The young banker at the center of Securities and Exchange Commission's case against Goldman Sachs, Fabrice Tourre will be in the hot seat today on Capitol Hill. The Senate Subcommittee on Homeland Security and Govermental Affairs has just begun its hearing titled, "Wall Street and the Financial Crisis: The Role of Investment Banks." It should instead be subtitled, "The Role of Goldman Sachs," as all seven witnesses are current or former Goldman employees. Tourre is on the first panel to be questioned by Senators. His prepared testimony (.pdf) makes crystal clear the defense Goldman intends to take in response to the SEC's allegations of fraud.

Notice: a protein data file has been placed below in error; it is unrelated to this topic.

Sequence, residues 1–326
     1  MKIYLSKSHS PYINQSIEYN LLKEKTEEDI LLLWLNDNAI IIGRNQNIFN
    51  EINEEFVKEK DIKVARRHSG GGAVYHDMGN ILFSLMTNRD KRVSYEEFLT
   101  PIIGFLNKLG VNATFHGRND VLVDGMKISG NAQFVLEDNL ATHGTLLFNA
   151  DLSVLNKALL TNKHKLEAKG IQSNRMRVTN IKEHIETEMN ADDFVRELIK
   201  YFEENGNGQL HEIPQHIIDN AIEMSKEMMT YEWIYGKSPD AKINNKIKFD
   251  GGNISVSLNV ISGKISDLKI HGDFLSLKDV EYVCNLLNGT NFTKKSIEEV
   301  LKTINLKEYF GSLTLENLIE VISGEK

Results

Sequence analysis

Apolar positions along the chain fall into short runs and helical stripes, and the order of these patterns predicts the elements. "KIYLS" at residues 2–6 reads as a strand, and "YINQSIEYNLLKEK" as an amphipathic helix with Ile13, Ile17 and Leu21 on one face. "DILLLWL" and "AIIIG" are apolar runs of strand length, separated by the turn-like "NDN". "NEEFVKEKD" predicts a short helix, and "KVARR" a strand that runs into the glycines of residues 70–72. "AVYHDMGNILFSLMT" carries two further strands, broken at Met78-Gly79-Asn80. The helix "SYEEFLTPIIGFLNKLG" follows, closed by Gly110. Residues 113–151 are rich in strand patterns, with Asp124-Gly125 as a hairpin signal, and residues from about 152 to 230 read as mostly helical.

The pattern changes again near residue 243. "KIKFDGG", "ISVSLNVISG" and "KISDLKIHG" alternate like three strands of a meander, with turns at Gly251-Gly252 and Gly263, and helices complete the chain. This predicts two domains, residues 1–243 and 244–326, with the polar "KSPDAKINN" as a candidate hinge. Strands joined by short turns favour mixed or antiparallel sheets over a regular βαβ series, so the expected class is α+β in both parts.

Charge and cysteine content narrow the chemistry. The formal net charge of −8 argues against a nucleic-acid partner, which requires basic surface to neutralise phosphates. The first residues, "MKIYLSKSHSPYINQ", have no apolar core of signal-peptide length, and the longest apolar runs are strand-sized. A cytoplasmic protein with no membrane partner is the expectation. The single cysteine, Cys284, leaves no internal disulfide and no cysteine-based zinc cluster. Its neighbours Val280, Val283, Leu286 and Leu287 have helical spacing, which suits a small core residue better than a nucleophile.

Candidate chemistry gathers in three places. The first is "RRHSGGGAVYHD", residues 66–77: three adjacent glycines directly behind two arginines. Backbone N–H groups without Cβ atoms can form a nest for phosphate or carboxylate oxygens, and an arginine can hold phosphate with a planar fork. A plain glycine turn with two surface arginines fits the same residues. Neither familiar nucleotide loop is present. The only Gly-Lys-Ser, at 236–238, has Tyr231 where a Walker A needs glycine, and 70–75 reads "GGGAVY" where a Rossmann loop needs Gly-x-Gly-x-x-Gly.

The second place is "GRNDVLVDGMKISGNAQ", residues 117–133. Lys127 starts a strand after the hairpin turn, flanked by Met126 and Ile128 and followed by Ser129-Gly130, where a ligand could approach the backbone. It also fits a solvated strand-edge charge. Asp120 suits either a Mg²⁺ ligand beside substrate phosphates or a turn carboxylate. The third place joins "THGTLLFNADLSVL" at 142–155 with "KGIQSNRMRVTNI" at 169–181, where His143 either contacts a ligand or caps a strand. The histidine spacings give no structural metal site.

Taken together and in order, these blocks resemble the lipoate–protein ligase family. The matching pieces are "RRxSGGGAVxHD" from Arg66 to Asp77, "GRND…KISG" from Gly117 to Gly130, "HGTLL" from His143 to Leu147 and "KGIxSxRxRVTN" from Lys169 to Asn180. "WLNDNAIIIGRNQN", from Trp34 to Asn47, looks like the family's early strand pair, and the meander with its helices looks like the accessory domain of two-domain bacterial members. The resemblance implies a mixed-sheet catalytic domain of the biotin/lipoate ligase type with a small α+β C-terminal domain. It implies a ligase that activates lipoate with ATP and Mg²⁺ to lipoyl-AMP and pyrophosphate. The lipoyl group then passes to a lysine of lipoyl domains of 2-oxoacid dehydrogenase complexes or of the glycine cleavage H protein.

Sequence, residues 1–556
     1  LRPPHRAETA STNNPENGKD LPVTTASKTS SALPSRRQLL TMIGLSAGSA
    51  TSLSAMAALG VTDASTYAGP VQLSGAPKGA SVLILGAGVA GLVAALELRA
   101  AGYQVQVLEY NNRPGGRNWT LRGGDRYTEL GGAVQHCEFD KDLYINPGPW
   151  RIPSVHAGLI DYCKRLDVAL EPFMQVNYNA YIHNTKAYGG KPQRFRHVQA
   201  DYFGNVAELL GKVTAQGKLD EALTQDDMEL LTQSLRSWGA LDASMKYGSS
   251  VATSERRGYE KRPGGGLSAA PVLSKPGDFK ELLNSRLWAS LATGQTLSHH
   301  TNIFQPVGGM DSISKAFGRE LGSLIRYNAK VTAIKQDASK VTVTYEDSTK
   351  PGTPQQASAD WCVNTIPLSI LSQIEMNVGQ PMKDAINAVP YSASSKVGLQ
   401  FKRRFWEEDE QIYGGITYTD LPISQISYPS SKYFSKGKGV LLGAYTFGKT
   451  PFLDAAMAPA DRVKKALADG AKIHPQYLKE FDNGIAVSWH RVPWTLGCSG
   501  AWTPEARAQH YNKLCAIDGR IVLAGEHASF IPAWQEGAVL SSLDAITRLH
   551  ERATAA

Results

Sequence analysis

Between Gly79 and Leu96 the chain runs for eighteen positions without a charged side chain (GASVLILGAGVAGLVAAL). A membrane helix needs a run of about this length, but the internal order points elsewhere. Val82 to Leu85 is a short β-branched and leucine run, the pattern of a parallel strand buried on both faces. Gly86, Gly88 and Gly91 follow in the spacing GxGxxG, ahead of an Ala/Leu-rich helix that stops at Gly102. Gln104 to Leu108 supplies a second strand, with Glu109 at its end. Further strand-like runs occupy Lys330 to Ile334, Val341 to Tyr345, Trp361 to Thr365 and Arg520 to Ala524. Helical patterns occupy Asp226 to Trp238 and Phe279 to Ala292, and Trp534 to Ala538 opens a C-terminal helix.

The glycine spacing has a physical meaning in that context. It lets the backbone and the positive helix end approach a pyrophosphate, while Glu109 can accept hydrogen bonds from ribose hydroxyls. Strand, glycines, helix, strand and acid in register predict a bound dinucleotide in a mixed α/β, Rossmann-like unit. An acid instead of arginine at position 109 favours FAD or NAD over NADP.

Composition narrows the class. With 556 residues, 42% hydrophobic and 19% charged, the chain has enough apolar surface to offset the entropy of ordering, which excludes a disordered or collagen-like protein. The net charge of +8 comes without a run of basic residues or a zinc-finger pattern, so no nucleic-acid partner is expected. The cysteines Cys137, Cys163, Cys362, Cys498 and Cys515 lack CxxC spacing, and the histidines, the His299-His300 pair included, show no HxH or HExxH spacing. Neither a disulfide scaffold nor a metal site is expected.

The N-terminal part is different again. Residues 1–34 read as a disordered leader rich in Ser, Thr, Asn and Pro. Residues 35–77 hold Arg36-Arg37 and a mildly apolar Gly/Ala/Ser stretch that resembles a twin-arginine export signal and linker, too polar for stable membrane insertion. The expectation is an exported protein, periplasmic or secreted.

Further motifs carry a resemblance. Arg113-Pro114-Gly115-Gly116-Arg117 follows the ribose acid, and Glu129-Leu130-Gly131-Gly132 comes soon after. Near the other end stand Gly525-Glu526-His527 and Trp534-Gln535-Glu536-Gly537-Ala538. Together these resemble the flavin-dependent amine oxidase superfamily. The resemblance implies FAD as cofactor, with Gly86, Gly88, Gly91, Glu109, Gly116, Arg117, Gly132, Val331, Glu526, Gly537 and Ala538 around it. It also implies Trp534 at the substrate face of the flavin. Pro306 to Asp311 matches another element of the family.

If you are unfamiliar with the Goldman-SEC case, a brief synopsis can be found at the top of this post.
IKB and ACA Were Sophisticated Investors
This serves as the buyer-beware defense. Tourre says that the two investors who lost a great deal of money on the transaction -- collateral manager ACA and German bank IKB -- were sophisticated investors who should have understood the risks of purchasing the securities at the heart of the SEC case. This point is important because it casts doubt on two questions. First, could ACA have reasonably been misled about hedge fund manager John Paulson's role as a short investor? Second, could IKB have been reasonably misled that the role of an independent collateral manager meant that no one else would have any influence on what might have went in the portfolio? If the answer to both of these questions is "no," then the SEC will have a very difficult time winning its case.